Immersive games beats classroom in maths Well designed studyThe tested a hypothesis; that interactive maths games are more effective than classroom instruction. This was a well constructed study; The Effects of Modern Math Computer Games on Learners' Math Achievement and Math Course Motivation in a Public High School Setting, MansurehKebritchi, Ph.D., AtsusiHirumi, Ph.D. and HaiyanBai, Ph.D. They took 193 algebra students, control groups and then did evaluation through pre- and post-study assessments, surveys, classroom observations and interviews. They used an immersive video game world that engages students in the instruction and learning of mathematics. Gamers do better at mathsStudents who played the math video games scored significantly higher on the district-wide math benchmark exam, F (1, 188) = 6.93, p < .05, and on the math performance test generated by the publisher, F (1, 188) = 8.37, p <.05, than students who did not play the games.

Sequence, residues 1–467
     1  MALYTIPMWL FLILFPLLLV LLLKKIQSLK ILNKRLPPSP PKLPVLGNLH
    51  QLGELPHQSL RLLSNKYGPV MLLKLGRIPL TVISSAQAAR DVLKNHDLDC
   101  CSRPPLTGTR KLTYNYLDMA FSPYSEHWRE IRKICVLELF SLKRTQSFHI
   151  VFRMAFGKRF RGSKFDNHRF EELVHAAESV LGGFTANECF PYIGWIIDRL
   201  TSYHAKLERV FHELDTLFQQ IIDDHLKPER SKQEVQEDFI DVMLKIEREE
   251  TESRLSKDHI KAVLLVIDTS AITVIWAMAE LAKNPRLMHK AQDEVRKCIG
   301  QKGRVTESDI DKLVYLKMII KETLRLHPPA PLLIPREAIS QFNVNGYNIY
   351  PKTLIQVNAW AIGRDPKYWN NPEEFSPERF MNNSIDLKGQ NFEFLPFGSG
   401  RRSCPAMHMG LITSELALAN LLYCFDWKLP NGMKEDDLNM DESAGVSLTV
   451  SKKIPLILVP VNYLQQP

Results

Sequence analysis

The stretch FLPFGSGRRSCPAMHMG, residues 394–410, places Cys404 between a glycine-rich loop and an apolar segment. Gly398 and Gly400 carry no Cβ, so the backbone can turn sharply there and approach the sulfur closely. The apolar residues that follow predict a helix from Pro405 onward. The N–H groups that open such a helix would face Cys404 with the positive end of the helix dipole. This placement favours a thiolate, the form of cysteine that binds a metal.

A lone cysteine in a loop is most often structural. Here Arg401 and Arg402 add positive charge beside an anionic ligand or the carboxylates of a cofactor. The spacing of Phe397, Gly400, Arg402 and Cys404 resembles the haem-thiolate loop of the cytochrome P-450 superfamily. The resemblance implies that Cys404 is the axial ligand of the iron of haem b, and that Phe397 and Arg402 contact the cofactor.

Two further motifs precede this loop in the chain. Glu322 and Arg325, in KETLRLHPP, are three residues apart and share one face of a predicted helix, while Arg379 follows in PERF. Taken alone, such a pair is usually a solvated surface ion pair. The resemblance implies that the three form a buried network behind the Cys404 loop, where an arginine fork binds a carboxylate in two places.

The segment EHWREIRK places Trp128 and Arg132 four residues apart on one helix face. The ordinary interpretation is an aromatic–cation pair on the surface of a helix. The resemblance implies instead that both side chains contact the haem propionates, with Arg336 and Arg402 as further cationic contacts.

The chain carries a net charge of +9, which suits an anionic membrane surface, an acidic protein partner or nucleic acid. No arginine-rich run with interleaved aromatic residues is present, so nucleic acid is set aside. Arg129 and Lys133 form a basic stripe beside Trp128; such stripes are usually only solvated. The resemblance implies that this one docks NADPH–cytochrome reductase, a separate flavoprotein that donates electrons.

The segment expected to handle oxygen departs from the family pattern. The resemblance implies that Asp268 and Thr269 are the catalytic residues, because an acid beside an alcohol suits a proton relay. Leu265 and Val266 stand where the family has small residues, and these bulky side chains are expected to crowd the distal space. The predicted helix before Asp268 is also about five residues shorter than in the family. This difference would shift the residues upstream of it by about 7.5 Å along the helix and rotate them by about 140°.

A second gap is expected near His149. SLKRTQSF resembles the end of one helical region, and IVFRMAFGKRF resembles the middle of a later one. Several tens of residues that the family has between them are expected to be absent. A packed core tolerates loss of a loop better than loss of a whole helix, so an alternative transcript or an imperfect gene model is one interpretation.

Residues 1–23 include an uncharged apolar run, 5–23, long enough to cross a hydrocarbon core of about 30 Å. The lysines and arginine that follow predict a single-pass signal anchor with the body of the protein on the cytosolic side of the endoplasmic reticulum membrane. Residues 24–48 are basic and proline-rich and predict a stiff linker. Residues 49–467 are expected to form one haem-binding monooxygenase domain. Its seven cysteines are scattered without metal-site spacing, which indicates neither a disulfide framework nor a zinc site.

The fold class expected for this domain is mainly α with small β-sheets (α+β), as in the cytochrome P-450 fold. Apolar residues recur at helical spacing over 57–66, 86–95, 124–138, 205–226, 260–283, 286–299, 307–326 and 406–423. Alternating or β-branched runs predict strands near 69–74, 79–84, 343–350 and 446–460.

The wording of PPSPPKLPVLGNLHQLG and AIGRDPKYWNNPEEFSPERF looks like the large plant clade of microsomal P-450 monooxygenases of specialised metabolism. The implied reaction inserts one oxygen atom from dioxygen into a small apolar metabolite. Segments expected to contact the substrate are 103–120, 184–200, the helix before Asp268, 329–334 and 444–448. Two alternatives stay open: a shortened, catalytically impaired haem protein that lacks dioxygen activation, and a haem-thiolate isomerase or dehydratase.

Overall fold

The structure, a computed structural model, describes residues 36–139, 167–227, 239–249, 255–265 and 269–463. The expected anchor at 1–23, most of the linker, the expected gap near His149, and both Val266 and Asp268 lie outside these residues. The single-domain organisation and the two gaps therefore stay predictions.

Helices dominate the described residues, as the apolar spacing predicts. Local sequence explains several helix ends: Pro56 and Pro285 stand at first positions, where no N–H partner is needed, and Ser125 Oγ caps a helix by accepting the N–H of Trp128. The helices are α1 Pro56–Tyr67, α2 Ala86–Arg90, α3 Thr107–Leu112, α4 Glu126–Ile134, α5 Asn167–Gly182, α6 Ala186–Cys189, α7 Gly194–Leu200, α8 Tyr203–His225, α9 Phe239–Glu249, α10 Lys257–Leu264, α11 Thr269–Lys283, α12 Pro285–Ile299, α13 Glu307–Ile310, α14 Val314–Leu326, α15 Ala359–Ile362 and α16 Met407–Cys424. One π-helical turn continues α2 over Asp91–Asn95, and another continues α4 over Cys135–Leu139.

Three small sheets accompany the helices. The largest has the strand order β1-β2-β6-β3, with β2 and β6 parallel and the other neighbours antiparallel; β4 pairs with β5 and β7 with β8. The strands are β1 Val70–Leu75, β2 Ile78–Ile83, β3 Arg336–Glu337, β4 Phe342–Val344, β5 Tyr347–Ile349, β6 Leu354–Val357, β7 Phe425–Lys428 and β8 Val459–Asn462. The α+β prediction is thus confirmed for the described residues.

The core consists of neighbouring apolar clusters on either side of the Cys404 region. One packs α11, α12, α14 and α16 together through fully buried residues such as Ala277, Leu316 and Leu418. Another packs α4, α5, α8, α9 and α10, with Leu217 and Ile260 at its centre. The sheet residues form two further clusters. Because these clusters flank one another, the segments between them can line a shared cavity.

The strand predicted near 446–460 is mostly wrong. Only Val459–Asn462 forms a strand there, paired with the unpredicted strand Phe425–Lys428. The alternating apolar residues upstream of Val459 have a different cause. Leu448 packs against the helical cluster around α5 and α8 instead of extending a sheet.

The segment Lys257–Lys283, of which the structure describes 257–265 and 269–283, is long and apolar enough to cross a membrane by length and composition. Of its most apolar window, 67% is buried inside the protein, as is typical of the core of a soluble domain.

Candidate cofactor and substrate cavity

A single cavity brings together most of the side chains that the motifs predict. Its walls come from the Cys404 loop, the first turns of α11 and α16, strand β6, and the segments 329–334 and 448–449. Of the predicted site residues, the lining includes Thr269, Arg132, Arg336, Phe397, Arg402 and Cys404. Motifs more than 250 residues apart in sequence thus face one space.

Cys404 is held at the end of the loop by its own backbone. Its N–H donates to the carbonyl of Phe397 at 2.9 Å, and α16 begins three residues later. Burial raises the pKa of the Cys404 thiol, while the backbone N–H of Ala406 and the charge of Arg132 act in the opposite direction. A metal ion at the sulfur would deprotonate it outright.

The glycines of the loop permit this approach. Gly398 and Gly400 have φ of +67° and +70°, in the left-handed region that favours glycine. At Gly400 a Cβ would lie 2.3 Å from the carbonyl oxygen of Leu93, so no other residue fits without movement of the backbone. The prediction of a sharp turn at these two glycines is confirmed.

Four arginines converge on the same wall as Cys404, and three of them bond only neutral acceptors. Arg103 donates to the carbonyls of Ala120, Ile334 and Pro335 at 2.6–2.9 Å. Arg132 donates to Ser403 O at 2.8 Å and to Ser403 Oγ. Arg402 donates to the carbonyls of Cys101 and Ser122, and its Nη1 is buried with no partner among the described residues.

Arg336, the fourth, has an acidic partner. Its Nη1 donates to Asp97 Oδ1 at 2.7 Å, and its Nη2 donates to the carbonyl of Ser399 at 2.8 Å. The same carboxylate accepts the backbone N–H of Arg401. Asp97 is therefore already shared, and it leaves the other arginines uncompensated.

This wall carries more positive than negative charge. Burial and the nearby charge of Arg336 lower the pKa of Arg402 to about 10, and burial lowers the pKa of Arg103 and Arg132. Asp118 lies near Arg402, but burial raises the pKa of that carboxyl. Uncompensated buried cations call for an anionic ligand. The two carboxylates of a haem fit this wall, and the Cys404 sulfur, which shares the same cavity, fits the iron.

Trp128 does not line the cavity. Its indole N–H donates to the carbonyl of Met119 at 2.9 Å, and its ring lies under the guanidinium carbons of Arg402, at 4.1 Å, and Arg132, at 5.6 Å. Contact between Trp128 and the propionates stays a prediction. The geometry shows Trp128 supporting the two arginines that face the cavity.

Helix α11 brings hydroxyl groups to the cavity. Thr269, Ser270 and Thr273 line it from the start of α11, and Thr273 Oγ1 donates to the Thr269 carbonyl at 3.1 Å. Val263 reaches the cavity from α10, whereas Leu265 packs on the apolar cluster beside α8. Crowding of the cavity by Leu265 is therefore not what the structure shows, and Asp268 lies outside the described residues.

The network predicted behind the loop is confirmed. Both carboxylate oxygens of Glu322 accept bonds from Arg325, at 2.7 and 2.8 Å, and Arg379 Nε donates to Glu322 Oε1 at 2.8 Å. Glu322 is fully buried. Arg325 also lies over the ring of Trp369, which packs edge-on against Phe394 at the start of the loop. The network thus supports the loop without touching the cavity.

The State of InfoVis 2012 Another year has come and gone, and many exciting things have happened in information visualization. Here is a look back at some interesting events from last year, as well as what I expect for 2012 and the next few years. 2011: What Was The launch of Protovis was a big deal in 2010, but it was bettered by D3 last year. In my last State of Information Visualization, I expressed my hopes that IE9 would be adopted quickly by businesses, which would make it easier for visualization projects to rely on HTML5 rather than Flash. Data journalism keeps getting attention in visualization. That is also what got me excited about the launch of Visual.ly. On a more academic subject, we saw some great visualization work in bioinformatics at the new BioVis Symposium at VisWeek. Another topic that seems to be heating up is graphs. 2012: What Will Be The big deal in 2012 will be visualization in data journalism. If you don’t believe that data journalism will be big in 2012, I have one word for you: U.S.